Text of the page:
KATHMANDU • Elephants helped rescue hundreds of tourists from a flooded jungle safari park in Nepal, officials said yesterday, as the death toll from flash floods and landslides after four days of heavy rain rose to 70.
The Rapti River overflowed its banks in Sauraha, 80km south of Kathmandu, inundating hotels and restaurants and leaving some 600 tourists stranded.
Sauraha, on the fringe of Chitwan National Park, is home to 605 rhinoceroses and is popular with foreign tourists, mainly for rhino watching and elephant rides.
"Some 300 guests were rescued on elephant backs and tractor trailers to (nearby) Bharatpur yesterday and the rest will be taken to safer places today," Mr Suman Ghimire, head of a group of Sauraha hotel owners, said yesterday.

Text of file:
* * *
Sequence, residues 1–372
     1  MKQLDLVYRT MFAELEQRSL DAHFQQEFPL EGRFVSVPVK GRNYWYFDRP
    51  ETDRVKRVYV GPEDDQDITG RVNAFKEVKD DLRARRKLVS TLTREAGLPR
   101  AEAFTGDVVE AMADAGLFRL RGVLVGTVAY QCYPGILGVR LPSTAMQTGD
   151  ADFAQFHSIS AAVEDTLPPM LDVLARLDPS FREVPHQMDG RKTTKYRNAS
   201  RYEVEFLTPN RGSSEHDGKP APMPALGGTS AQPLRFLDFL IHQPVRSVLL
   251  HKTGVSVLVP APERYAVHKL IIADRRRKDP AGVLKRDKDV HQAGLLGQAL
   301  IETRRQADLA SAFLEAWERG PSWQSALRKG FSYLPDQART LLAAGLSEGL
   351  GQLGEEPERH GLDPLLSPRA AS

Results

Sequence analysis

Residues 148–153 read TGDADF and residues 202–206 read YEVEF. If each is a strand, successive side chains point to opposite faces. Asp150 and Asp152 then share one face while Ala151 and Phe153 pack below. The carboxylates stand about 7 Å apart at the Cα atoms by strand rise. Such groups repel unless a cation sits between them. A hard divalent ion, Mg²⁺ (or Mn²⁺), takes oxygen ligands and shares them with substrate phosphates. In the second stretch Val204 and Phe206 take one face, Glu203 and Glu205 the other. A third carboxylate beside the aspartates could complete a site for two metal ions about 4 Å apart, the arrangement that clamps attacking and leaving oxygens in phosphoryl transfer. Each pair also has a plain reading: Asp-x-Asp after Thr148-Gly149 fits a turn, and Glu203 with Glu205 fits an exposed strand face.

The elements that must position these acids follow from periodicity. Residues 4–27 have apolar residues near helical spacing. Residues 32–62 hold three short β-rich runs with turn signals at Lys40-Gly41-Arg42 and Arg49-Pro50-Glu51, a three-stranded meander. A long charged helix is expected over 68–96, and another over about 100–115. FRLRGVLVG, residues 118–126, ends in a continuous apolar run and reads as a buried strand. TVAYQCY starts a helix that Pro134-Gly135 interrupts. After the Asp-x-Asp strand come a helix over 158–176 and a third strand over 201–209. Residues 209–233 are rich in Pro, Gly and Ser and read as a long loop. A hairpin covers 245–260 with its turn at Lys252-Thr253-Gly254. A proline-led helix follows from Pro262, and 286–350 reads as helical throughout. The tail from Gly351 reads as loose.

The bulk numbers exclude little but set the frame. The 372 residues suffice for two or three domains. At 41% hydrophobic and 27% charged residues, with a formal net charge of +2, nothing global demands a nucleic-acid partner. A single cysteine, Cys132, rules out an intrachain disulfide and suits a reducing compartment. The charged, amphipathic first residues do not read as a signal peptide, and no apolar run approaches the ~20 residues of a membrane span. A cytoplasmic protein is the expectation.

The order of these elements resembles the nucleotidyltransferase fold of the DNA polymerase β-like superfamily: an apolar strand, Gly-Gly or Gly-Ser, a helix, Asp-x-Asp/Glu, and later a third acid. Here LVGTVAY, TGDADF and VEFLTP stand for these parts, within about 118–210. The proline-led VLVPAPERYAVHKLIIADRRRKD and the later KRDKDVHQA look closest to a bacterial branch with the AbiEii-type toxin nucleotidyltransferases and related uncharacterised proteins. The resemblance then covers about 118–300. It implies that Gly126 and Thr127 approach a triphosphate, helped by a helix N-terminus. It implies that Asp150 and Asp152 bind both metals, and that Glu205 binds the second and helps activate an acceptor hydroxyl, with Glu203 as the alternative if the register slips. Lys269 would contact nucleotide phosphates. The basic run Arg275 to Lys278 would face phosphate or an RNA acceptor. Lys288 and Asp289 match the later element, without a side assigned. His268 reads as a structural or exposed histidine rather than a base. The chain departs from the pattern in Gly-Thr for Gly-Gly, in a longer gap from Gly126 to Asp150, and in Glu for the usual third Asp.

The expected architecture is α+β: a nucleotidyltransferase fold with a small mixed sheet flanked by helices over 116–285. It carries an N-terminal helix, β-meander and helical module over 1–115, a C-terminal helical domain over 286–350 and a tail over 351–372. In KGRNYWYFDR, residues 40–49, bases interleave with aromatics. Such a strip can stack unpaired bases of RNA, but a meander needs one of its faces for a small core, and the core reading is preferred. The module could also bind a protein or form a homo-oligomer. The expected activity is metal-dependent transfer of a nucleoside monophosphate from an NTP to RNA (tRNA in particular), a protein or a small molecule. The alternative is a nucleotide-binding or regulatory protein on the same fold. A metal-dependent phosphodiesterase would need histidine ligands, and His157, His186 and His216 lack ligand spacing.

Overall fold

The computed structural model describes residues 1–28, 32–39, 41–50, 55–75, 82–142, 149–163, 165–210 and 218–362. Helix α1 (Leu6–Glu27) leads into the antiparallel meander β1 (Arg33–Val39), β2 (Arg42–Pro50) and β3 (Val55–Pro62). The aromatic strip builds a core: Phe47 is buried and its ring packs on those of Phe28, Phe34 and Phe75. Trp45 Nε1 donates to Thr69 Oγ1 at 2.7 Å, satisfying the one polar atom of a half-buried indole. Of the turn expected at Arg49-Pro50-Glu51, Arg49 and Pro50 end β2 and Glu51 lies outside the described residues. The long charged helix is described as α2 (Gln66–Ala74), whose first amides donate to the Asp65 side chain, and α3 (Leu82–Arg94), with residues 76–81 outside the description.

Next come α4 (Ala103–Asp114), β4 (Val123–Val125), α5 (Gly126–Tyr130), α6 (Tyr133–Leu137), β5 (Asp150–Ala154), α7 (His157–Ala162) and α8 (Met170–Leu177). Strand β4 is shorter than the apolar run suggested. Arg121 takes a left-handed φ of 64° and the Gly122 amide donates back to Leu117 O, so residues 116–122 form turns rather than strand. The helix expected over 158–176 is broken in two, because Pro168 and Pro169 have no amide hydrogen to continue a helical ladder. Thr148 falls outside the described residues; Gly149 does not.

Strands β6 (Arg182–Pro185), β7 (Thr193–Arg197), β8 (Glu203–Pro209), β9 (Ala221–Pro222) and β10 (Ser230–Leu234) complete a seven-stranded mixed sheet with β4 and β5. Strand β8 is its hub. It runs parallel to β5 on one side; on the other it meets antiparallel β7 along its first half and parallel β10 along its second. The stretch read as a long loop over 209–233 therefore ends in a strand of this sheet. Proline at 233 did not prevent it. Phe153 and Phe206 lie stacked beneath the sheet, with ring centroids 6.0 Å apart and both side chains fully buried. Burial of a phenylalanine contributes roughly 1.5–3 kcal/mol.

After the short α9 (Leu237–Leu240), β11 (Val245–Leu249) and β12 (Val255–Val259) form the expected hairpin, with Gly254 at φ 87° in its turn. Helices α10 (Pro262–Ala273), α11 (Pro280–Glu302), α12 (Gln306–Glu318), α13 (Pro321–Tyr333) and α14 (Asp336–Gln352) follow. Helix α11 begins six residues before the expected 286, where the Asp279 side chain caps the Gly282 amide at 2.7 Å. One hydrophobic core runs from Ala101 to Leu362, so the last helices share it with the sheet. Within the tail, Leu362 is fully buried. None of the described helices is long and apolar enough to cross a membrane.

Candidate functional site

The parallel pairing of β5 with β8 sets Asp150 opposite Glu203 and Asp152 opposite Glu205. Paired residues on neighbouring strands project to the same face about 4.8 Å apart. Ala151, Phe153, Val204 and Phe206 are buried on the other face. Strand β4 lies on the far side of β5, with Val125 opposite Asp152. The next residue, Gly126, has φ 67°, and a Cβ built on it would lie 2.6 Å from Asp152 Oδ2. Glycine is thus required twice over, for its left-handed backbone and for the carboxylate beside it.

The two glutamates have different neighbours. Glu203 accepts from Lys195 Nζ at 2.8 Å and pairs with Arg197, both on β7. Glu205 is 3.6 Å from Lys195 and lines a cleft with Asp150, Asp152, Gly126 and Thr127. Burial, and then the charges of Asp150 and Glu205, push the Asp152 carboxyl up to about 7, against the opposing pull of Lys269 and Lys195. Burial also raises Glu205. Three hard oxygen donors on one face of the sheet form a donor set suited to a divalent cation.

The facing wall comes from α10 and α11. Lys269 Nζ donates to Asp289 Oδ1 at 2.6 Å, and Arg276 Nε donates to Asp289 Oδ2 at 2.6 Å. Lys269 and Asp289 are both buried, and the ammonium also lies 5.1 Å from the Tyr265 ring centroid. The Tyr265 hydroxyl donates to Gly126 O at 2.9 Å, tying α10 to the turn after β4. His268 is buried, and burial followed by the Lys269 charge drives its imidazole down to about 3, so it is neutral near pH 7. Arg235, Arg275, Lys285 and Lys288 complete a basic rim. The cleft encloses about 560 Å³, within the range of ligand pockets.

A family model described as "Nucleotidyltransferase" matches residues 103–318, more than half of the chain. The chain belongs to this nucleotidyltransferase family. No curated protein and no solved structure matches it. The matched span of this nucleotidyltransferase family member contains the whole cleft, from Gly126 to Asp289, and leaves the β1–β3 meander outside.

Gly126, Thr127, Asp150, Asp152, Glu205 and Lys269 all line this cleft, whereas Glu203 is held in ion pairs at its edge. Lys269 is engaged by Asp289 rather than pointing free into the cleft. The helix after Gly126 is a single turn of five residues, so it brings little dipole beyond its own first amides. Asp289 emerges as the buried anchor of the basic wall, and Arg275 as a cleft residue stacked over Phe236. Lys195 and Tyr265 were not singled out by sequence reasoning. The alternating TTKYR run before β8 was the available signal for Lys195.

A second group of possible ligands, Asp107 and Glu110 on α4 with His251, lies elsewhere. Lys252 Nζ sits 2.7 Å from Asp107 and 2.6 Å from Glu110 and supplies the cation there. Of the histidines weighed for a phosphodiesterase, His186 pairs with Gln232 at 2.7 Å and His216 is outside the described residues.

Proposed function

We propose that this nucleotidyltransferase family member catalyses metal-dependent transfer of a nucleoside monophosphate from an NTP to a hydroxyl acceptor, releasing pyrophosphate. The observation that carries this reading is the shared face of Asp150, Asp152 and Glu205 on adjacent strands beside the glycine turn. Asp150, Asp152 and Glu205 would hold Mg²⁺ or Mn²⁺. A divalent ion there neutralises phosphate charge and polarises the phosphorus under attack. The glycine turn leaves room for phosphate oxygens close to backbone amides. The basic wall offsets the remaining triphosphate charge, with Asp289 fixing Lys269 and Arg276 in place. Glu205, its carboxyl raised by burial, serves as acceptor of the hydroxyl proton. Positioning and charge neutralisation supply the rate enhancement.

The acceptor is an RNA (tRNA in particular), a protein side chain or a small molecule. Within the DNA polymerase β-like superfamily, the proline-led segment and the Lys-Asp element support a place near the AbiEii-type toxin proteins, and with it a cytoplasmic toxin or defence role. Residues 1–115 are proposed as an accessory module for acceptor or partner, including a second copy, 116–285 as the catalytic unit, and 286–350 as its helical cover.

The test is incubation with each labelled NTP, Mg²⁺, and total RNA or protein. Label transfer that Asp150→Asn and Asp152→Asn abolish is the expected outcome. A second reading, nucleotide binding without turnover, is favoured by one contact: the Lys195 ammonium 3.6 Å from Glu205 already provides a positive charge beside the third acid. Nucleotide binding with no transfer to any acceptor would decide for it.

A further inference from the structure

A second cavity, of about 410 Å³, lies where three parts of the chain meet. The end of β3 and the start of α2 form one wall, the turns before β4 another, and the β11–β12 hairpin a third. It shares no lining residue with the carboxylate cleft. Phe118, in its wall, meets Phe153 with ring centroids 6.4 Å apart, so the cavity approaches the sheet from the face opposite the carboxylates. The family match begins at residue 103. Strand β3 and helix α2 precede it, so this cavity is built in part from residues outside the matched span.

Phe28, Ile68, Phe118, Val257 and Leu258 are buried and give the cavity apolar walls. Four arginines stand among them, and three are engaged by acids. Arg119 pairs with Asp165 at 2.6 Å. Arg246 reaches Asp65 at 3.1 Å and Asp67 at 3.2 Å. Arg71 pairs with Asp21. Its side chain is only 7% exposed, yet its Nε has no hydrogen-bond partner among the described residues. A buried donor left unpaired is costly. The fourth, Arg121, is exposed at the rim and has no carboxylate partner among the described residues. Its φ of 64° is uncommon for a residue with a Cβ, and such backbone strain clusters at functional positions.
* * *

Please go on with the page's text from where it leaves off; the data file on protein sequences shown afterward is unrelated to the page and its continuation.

Floods have also swept the nearby Indian state of Assam in the past two days, killing at least 15 people and displacing nearly 2.3 million, officials said.
Nearly 90 per cent of Assam's Kaziranga National Park, home to the world's largest population of the endangered one-horned rhinoceros, was under water, Forest Minister Pramilla Rani Brahma said. They have moved to higher ground.
In Nepal, relief workers said 26 of the country's 75 districts were either submerged or had been hit by landslides after heavy rain.
The death toll was expected to rise with another 50 people reported missing, Information and Communications Minister Mohan Bahadur Basnet said. He added that more than 60,000 homes were under water, mainly in the southern plains bordering India.
Large swathes of farmland in the southern plains, Nepal's breadbasket, are under water and the country could face food shortages due to crop losses, aid workers said.